Stereoscopic viewing of photographs greatly increases the accuracy of interpretation (Lillesand and Kiefer, 1979; Soil Survey Staff, 1993) because it shows topographic breaks, which help show wetland boundaries, and it reveals changes in vegetation height and shape that can indicate changes in soil moisture. Stereoscopic viewing also helps the interpreter locate wetlands because wetlands are more likely to occur in some topographic positions than in others. Stereoscopic interpretation is a standard procedure in preparation of the NWI (1990), but not in FSA inventories conducted by NRCS.
A boundary delineated on an aerial photograph corresponds to a zone on the ground with a width that equals the width of the line divided by the scale (the representative fraction) of the photograph. For example, a 0.0197-inch (0.05 cm) pen line on a 1:24,000 photo would represent 39 ft (11.85 m) on the ground. Although a boundary of this width could depict ecological reality, it would be insufficiently resolved for jurisdictional purposes.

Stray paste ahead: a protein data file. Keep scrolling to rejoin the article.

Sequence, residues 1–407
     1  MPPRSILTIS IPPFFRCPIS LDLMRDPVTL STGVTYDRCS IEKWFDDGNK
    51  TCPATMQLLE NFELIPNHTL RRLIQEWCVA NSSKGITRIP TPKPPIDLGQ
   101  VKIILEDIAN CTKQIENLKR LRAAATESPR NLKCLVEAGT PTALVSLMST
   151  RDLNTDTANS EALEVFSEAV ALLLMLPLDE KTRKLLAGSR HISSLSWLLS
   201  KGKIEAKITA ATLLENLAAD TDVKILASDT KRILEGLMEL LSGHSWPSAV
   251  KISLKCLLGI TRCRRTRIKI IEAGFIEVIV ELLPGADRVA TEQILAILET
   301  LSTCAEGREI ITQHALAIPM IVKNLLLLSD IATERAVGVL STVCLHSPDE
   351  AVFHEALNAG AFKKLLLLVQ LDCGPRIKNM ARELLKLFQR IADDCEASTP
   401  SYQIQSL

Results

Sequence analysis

People who work on the ground often have difficulty determining their location from a map or aerial photograph. The unfamiliarity of most nonspecialists with maps is a major disadvantage of delineating wetlands on aerial photographs: Even if an area is perfectly depicted, it can have little meaning if a bulldozer operator or tractor driver cannot relate the mapped boundary to a field location. The increasing accuracy and decreasing cost of global positioning systems are improving the georeferencing of ground locations, but this technology is not yet widely available at the fineness of resolution needed for wetland delineation.
WETLAND DELINEATION UNDER THE FOOD SECURITY ACT
In contrast to the field-intensive methods used to identify wetland boundaries for Clean Water Act Section 404 permits, wetland delineations required by FSA are done primarily by offsite methods. The 1990 FSA amendments direct NRCS to conduct a field wetland determination if possible whenever requested to